Some folks thought it was "inflammatory." Some said it was "irresponsible," others, "absurd," still others, "disappointing."
In the 1950s, during one of his two campaigns as the Democrats' presidential nominee, Adlai Stevenson was invited to address a gathering of Baptists in Houston, where in 1960 John Kennedy would address a group of Protestant ministers to refute charges that his Catholicism rendered him unfit to be president. This was an opinion vociferously promulgated by Norman Vincent Peale, a broadcast preacher and author of "The Power of Positive Thinking."
Around the turn of the 20th century, Julius Rosenwald was building Sears, Robuck and Co. into the mail-order behemoth that embedded itself in American culture as that century’s Amazon.com.
A few thoughts about Toya Graham, just in time for Mother's Day.
America's smallest state -- one Nevada county is nearly eight times larger -- has the longest name: In a 2010 referendum, voters kept the official title, State of Rhode Island and Providence Plantations. The state also has a dark-horse presidential candidate who is the only Democratic candidate so far who can shoe a horse. "Put a blacksmith in the White House" could be Lincoln Chafee's slogan.
I have some bad news for North Carolina politicians.
Some of your best friends are dying.
It is not people that I am thinking about.
It is restaurants.
On the Thursday before Baltimore burned, Mr. Lee went to Washington.
Owning a fragment of history -- a Gettysburg bullet, a Coolidge campaign button -- is fun, so in 1968 Gregg Bemis became an owner of the Lusitania. This 787-feet-long passenger liner has been beneath 300 feet of water off Ireland's south coast since a single German torpedo sank it 100 years ago Thursday. It contains the 4 million U.S.-made rifle bullets and other munitions that the ship had been carrying from neutral America to wartime Britain.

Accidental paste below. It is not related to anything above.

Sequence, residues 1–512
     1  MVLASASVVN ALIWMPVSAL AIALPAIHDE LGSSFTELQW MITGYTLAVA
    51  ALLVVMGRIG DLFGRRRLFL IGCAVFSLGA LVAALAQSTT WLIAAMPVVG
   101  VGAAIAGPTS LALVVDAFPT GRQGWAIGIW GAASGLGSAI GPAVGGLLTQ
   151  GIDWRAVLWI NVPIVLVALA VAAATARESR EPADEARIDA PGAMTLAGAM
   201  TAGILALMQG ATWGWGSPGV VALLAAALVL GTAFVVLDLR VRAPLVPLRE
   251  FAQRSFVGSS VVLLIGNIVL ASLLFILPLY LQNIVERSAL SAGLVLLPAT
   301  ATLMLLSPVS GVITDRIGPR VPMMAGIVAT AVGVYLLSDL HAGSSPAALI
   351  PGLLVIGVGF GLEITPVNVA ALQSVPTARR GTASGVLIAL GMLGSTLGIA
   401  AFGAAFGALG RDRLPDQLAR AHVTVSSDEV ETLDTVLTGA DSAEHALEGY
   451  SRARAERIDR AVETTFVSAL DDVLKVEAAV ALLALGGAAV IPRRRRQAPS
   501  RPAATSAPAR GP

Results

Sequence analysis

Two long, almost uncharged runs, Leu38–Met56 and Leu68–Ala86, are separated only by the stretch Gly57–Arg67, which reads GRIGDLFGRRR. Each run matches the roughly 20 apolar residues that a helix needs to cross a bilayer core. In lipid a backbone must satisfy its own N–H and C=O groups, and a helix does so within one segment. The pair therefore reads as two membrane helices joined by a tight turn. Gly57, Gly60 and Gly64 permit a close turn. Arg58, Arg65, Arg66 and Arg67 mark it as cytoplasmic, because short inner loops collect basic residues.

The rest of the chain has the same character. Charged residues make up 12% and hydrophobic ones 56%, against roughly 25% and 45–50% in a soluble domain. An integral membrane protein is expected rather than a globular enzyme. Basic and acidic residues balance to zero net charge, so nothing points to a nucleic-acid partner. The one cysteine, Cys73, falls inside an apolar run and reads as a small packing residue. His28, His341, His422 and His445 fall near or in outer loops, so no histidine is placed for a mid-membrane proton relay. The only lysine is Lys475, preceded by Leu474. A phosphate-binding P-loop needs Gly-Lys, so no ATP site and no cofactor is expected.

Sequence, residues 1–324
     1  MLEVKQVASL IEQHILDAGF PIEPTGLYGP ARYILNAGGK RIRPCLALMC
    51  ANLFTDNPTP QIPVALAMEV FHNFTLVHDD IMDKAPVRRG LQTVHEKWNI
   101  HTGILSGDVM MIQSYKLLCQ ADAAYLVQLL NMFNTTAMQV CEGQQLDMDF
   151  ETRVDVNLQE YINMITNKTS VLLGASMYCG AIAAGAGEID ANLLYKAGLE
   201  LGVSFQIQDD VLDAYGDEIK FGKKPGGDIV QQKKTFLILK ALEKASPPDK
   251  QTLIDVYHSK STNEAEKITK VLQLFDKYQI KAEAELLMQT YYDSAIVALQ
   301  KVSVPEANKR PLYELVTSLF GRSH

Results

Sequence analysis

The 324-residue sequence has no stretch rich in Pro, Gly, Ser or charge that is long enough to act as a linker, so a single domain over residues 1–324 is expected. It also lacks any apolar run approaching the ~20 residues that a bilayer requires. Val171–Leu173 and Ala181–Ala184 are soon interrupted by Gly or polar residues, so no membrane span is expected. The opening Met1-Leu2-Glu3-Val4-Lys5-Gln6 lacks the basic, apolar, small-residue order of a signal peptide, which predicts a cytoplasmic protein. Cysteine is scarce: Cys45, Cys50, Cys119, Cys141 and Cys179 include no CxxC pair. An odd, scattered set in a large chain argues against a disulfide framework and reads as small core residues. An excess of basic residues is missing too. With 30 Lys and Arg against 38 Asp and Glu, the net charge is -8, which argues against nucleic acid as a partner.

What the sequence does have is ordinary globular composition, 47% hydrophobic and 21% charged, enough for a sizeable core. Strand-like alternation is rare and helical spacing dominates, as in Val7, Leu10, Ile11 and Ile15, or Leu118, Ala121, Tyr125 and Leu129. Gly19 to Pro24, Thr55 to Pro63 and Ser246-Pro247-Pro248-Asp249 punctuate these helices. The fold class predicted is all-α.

This past Friday marked the 40th anniversary of the fall of Saigon and the end to decades of war in Vietnam. As often happens these days, I was bemused by the realization that 50th anniversaries now mark events very much part of my memory and events 40 years ago were well into my adult, professional life.
Sometimes it's difficult to live in a world that wants to be black and white, when in fact it's varying shades of gray.
One friend who served in the military and who does not have children told me that he and his wife avoid church two Sundays every year: Veterans Day Sunday and Mother’s Day. He explained that both services are too painful. (I have permission to share this.) Pastors try to broaden Mother’s Day, so it is not merely a saccharine ode to “Motherhood.” But if the second Sunday of May is about Mothers (capital M) at your church, Hallmark has won the day.
"There comes a time when people get tired."
-- Martin Luther King Jr., Dec. 5, 1955
Tracy is tired. She was tired even before Baltimore burned this week.
Good politicians and savvy policymakers understand how to take advantage of a window of opportunity. Step number one is to identify the window.
Lindsey Graham once said his road to Congress ran through a coronary clinic because it involves so many South Carolina barbecues. Today, as a senator, he thinks he sees a path to the Republican presidential nomination. He has many strengths, but two substantial problems.
What does the 1,969-mile border between the United States and Mexico have to do with North Carolina?
A North Carolina author delivers pages of answers in a book about his journey along the entire border from Boca Chica in Texas on the Gulf of Mexico to San Diego, California, on the Pacific Ocean.